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You mean changing a fretted neck into a fretless neck ?

If so, I sure wouldn't use it when real wood would look better and probably more reversible later, plus the filler wouldn't be that great in simulating the neck compression of fret-tangs, so I think I'd prefer aluminum about the size of the fret-slots (a couple thousandths thicker , if you want to make the neck stiffer--about a half a thousandth thinner if you want to add little, to no, stiffness). Brass might be good too. I've never done what you're talking about, so I'm just giving my opinion, based on my experience with working on fretted necks.

If you mean making fret-slots more narrow, but still having fret-slots, then I'd also be against wood putty. Crimping the fret-tangs to become wider is usually the best option.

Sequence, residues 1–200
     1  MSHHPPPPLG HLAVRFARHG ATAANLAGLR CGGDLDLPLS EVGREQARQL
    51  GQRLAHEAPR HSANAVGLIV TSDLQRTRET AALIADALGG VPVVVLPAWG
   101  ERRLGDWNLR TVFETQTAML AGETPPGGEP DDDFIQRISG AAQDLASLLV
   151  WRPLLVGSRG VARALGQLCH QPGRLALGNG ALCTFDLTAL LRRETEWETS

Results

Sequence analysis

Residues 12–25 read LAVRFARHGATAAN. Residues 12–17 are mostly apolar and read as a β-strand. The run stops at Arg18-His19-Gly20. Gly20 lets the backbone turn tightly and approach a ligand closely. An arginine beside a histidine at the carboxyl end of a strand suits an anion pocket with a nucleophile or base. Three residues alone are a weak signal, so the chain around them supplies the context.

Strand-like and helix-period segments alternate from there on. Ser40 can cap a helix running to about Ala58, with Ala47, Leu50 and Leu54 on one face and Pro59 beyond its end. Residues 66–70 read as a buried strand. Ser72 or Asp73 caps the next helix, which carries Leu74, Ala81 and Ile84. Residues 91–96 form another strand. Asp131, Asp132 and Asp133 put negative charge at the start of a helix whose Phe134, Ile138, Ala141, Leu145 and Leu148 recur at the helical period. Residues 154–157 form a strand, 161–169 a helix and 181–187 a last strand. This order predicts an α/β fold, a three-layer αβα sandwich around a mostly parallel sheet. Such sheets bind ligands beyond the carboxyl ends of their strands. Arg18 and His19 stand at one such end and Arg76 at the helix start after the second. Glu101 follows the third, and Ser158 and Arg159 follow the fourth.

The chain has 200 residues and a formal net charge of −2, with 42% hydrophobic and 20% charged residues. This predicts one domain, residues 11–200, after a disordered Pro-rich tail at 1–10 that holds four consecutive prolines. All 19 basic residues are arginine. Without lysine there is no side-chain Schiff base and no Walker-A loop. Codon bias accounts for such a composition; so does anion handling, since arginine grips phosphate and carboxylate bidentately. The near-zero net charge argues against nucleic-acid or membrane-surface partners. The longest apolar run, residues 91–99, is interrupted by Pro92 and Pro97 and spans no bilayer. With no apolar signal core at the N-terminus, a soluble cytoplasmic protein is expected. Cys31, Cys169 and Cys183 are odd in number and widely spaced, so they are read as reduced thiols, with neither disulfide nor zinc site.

Maybe a teflon sheet inserted into the slot, then filler of wood dust, then super-glue. But, the teflon might still be too hard to get out. Might be a cleaner job, to just fill the slots with wood dust ( I mean from the same kind of wood as the fret-board), super-glue, then cut a new slot. I don't like that idea very much though. Seem way overkill for any widened fret-slot situation I've seen or can imagine.

I think the problem with a piece of teflon around .021" thick, is getting it to be totally straight. You'd have to attach it to something that makes it straight. Got a picture of that in my head right now, but my fingers don't want to try to explain it.


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I would never consider wood putty for that. It has a tendency to shrink and leave small bubbles. Not a big deal on a larger project, but on a fretboard... unless you intend to clearcoat the board, and I'm not sure about how well that whole project would work.

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Put small pieces of wood in the fret slots. They should have a different color than the fingerboard. This will give you more orientation on the fingerboard and will make it easier to play a fretless if you are not yet a master of unfretted instruments. Many professional and commercial available basses are built this way.

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